Saturday, September 12, 2009

Review: City of Life and Death

As a rule, I avoid war movies.  It's not that they're bad, but I find them generally depressing.  City of Life and Death slipped into the schedule this year, which depicts the Nanking Massacre of 1937.  The exact details, as with so many aspects of war, are cloudy and unknown.  It's generally accepted, though, that over a quarter of a million people were slaughtered during the siege on the city.  I'm happy to report that the movie does not show that many.  That would have made for a very, very long movie.

Shot in black and white, the movie initially shuns plot and characters in favor of establishing the brutality of the invasion with a montage of mass murder.  Bit by bit, though, director Chuan Lu reveals a small cast of characters.  I've forgotten most of the names and some of the details, because I'm a white American and am easily confused by names other than John, Sally and Ted.  Fortunately, between imdb and, I was able to piece together most of them.

Part of the story focuses on John Rabe, an altruistic German businessman working for Siemans, AG in Nanking.  Rabe is credited with establishing the Nanking Safety Zone, and saving as many as 200,000 civilian lives.  He is played by John Paisley, some of whose lines were hilariously (no, not purposefully so) dubbed over, producing that all too famous effect so many Asian movies have on American cable TV stations.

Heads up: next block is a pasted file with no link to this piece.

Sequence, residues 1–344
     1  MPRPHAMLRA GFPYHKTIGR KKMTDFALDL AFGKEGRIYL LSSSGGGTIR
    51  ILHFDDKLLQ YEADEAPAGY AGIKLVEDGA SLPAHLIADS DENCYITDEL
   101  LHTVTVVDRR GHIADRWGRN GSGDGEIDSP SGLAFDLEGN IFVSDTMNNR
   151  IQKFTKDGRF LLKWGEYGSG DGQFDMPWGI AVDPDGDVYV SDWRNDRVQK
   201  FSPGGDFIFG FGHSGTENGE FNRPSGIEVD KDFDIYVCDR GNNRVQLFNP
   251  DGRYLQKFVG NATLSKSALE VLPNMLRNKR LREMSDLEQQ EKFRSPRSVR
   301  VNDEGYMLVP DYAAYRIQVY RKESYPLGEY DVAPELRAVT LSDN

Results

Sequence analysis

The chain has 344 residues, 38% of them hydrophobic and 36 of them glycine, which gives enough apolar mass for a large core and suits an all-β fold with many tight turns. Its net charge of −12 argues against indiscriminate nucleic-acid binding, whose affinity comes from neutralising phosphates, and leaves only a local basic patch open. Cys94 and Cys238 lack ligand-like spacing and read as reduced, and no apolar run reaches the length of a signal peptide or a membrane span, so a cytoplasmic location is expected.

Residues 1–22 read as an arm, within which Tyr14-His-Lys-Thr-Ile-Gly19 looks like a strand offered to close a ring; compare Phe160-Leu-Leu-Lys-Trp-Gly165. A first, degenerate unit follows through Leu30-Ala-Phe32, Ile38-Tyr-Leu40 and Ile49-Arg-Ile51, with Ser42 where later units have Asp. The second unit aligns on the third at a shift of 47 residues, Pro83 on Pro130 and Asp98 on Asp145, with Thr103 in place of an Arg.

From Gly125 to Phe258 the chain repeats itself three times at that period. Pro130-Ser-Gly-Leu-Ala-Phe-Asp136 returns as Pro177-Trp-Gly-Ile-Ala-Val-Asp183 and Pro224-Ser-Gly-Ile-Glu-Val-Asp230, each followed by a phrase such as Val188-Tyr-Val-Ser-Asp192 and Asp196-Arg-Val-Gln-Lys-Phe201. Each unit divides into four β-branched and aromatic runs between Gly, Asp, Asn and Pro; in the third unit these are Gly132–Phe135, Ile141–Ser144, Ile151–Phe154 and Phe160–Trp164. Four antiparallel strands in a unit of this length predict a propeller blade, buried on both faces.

John's assistant is a Chinese man, Mr. Tang, who is under the mistaken impression that he and is family are safe from the Japanese cruelty because he works for Mr. Rabe in the safe zone.  This illusion is completely thrown out the window in one devastating scene.  Okay, that was a horrible sentence for reasons you can't know unless you watch the movie and I'm already feeling guilty for having written it.  But I can't help it.  If I had a therapist, he/she would explain that I use humor to deal with the atrocities of war, or some BS like that.  Anyway, let it be known that things don't turn out so well for Mr. Tang, but he does at least show some spine by the movie's end.

We also meet Kadokawa, an idealistic and naive Japanese soldier who falls in love with Yuriko, a Japanese "comfort woman", Miss Jiang, a Chinese school teacher who bravely risks her life to save other civilians, and a menacing Chinese soldier who kills many Japanese soldiers, Rambo-style, and eventually saves the life of a young Chinese boy, who the director says is still alive in China today.

Chuan Lu, a self-described "trouble maker" back home, presents a story he believes to be a true representation of the events in Nanking.  Though he clearly shows the prevalent cruelty of the Japanese soldiers, he portrays some as naive and others even kind and reflective.  This kind of nuance does not likely sit well with the Chinese government, nor will his portrayal of the Japanese cruelty sit well with the Japanese government.  But I'm guessing Lu didn't miss the mark by much.  My imdb rating: 7/10.

No comments: